Move on another couple of years and another club president had another plan. Under the project name GloVal, Amadeo Salvo announced significant changes to the Nou Mestalla. This time the club did consult Mark Fenwick and a new-look stadium was unveiled. The proposal saw the exterior of the stadium simplified, with the roof covering only 75% of the seating (The minimum required for the stadium to gain UEFA Elite Status). Capacity would be reduced to 61,500 by increasing the spacing between the seats. This would allow the club to increase the capacity to its original 75,100 at a later date with relatively little cost. Other savings would be made by reducing the number of stadium amenities and leaving the hospitality and restaurant facilities on the third tier vacant. Underground parking and commercial outlets would also be reduced. In theory, this would cut the cost of completing the stadium to €100m. In reality, it was an exercise in window-dressing. The club was hoping that its perilous financial position and apparently ruinous stadium build could be salvaged by a wealthy suitor. It would be too simple to blame the new stadium for Valencia’s perilous financial position. The Nou Mestalla was undoubtedly a symptom of over a decade of mismanagement, but certainly not the cause of the club’s problems.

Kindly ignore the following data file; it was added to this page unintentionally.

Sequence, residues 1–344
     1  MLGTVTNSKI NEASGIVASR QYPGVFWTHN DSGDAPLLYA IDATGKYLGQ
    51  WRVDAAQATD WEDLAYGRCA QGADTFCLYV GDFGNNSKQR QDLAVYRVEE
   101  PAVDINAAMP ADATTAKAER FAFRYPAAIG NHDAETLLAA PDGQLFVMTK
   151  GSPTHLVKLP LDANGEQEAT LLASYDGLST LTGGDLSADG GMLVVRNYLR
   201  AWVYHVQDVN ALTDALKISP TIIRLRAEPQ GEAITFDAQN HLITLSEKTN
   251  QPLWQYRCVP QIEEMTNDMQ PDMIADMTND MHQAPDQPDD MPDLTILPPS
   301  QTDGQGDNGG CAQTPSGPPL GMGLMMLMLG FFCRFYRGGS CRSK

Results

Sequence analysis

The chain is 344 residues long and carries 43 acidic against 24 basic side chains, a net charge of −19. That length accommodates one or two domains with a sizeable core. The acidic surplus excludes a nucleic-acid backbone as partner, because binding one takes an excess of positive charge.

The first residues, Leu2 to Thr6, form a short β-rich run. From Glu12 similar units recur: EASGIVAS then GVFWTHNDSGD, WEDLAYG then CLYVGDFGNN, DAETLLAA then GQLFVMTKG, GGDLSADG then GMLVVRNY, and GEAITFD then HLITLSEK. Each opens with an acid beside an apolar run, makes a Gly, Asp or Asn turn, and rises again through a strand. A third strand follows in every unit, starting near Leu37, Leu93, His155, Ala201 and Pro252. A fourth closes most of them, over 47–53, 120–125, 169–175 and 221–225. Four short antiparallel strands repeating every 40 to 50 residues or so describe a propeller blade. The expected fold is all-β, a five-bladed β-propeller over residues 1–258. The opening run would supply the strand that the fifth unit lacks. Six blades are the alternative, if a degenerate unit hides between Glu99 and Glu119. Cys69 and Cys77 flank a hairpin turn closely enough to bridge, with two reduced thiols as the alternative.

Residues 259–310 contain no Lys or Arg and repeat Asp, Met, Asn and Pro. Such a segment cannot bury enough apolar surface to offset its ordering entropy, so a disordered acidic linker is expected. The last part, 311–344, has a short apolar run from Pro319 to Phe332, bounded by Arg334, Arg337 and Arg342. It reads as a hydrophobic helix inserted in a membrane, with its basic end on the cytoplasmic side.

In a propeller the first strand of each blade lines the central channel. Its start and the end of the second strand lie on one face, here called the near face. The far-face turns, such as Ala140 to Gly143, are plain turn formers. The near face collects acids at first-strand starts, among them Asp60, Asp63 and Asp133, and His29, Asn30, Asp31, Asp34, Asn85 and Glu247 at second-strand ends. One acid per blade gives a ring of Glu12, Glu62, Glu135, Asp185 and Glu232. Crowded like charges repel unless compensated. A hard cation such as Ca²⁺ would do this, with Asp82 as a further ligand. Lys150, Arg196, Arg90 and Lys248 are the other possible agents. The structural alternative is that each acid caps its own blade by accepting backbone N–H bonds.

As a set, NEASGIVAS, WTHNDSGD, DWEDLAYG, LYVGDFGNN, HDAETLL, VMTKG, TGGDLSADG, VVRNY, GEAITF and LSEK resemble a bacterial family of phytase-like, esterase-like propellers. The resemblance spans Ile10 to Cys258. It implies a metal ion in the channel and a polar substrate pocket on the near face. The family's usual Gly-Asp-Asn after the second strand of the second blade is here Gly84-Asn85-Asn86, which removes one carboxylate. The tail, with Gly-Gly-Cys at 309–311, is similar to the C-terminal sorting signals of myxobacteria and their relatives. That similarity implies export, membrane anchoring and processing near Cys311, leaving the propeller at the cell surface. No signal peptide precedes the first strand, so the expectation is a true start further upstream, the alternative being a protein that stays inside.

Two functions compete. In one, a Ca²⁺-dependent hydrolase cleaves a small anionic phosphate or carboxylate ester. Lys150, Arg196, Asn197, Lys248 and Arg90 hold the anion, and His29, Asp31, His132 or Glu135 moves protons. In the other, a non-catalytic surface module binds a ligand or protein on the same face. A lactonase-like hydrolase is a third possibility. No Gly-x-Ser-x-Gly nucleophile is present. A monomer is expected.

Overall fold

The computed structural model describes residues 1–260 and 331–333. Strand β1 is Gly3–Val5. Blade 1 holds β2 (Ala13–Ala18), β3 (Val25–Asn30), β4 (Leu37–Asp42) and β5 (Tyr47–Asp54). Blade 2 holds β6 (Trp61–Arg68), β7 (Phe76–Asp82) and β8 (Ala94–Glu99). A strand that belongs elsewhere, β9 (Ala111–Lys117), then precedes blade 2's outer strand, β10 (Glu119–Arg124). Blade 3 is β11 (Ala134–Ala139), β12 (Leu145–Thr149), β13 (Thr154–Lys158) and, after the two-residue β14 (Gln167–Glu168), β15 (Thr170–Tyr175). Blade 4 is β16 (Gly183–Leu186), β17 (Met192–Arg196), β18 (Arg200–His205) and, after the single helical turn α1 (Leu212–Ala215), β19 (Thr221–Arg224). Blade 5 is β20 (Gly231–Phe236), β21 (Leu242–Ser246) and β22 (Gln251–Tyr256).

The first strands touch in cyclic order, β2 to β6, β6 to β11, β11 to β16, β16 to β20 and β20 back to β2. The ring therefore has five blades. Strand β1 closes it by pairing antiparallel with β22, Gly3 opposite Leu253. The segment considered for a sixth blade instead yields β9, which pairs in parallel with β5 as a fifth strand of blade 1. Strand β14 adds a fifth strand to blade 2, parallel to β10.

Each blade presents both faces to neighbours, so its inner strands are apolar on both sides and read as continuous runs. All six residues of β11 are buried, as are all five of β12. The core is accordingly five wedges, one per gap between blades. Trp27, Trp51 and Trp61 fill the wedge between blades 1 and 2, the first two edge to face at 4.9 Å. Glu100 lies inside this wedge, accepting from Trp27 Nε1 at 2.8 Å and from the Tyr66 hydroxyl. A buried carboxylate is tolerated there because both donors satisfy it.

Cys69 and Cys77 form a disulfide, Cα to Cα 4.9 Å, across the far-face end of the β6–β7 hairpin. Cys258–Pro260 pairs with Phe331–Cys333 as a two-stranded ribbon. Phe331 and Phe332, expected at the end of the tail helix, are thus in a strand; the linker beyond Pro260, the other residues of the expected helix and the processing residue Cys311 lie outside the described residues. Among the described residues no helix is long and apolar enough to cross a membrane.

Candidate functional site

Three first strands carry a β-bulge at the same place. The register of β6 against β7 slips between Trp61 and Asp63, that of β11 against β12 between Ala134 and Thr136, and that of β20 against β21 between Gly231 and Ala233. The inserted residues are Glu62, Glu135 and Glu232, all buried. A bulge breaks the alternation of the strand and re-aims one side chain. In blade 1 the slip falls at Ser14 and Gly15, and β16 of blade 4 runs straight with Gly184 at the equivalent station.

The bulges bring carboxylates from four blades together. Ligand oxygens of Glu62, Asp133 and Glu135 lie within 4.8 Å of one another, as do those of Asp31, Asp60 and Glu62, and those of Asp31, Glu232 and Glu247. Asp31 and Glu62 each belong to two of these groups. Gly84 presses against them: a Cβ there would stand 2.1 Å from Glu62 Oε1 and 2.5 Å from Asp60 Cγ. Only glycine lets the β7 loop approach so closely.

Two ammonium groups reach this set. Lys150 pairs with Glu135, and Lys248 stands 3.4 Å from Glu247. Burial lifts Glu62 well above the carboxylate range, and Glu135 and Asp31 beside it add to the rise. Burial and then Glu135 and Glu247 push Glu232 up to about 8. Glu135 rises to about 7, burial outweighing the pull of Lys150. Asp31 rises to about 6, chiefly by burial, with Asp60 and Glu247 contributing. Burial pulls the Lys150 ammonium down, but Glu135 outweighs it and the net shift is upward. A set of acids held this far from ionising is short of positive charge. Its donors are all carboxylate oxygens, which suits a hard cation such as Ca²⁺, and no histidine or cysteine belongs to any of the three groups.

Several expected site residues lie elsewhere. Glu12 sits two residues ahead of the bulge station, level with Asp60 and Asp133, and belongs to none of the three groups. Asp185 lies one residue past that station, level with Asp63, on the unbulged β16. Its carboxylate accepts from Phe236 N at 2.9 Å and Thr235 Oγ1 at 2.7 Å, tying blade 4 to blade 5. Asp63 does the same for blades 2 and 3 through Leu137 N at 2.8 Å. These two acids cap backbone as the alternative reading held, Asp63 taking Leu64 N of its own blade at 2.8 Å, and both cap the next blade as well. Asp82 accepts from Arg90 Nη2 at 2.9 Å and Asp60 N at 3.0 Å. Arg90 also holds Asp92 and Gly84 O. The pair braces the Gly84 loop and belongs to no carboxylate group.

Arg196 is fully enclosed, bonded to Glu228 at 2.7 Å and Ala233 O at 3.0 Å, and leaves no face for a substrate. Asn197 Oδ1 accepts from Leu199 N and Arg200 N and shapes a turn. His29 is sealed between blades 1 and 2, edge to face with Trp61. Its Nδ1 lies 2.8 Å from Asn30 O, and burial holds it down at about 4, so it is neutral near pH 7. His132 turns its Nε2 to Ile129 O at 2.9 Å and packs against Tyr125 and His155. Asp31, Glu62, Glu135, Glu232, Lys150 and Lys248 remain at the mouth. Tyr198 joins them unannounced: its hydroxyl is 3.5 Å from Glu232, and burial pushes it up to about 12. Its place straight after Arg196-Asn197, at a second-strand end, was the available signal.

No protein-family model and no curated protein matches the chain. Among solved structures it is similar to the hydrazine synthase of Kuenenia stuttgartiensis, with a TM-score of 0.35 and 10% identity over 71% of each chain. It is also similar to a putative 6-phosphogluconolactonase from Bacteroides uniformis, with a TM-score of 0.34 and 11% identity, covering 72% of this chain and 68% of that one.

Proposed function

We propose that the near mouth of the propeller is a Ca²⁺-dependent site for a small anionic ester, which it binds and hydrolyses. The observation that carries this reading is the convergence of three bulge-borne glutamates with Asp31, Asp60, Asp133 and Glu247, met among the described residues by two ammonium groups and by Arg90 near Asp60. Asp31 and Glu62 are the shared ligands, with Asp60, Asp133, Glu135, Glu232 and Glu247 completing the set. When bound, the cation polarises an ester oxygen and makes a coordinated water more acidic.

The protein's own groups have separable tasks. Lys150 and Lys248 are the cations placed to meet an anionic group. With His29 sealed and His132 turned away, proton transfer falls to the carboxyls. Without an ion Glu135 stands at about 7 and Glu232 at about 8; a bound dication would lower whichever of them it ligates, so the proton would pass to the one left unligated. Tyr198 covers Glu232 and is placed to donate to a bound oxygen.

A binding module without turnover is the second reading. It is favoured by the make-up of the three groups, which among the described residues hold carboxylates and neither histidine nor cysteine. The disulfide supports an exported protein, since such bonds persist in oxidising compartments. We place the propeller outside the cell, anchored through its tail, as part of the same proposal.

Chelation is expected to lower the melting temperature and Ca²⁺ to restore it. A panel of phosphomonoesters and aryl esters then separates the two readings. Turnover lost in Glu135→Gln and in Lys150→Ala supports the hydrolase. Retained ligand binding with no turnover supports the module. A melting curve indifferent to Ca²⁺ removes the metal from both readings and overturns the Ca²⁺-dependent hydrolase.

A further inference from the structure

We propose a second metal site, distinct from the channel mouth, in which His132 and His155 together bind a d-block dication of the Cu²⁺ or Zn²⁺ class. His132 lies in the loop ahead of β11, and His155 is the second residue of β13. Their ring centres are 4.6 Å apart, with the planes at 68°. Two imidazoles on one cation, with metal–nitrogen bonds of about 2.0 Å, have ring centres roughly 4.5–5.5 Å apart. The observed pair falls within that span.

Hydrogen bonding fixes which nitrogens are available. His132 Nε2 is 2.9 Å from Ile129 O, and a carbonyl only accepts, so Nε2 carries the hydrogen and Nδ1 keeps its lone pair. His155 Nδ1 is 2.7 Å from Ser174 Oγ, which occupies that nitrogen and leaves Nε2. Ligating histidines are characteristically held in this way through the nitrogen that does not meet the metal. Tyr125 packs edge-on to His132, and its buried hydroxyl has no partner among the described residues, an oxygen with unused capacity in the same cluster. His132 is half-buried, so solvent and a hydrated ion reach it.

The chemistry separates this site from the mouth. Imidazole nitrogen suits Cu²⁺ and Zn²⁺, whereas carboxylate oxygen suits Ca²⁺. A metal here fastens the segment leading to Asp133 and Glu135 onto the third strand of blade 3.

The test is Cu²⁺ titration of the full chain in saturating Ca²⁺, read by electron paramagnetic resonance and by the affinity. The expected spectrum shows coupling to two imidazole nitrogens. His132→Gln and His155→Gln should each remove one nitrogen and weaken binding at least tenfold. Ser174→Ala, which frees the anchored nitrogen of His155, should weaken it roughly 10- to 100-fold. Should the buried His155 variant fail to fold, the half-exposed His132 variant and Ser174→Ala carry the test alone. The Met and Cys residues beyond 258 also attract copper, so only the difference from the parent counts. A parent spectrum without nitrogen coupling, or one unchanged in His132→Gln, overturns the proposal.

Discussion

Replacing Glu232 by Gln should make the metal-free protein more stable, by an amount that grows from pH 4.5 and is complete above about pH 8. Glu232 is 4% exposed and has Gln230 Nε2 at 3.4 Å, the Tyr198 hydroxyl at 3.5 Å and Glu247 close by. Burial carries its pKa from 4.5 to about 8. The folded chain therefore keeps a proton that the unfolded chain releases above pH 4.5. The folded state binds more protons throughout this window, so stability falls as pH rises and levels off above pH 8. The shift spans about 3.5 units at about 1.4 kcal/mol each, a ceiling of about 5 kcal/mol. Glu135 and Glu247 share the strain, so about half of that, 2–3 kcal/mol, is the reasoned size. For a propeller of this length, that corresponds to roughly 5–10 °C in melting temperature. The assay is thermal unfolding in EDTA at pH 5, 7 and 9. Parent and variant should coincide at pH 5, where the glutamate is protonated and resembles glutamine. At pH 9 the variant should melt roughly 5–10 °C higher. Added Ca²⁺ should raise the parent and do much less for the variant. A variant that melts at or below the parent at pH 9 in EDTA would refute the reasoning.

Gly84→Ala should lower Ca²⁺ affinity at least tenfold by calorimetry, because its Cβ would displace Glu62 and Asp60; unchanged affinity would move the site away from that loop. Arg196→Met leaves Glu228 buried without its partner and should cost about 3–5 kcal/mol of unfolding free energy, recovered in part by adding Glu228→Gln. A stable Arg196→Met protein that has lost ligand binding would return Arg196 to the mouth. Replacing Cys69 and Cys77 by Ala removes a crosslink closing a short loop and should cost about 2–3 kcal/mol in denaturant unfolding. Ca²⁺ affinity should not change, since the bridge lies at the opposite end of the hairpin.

Nou plans, but does it mean new hope?

After years of searching, and a rather protracted courtship, Valencia did find a new owner in the shape of Singapore businessman and owner of the Meriton Group, Peter Lim. Understandably, Lim’s priority was to stabilise the club’s finances, but he and his representatives were more cautious about the future of the Nou Mestalla. They did visit the site at the end of October 2014 but only stated that the club will celebrate its centenary in 2019 with “new stands”. Two years of inactivity passed before the club confirmed that any completion of the project would be dependent on the club selling the site of the Mestalla. The statement was accompanied with details of yet another pared-down version of the stadium. Deloitte’s were appointed to develop a new financial package that would enable construction to re-start and find a suitable suitor for the site of the existing Mestalla.

Work has ground to a halt and there is no sign of it re-starting

Whilst it may seem incredulous to spend over €100m on an unfinished stadium and walk away, it isn’t as straightforward as starting up again at the Nou Mestalla. The site has been exposed to the elements for nearly a decade and reports suggest that it will require further investment just to get it back to a point where construction can continue. Could Valencia just walk away from the project and re-focus on redeveloping their historic home? Time will tell, but Lim’s proposed investment in the team and the Nou Mestalla simply has not materialised.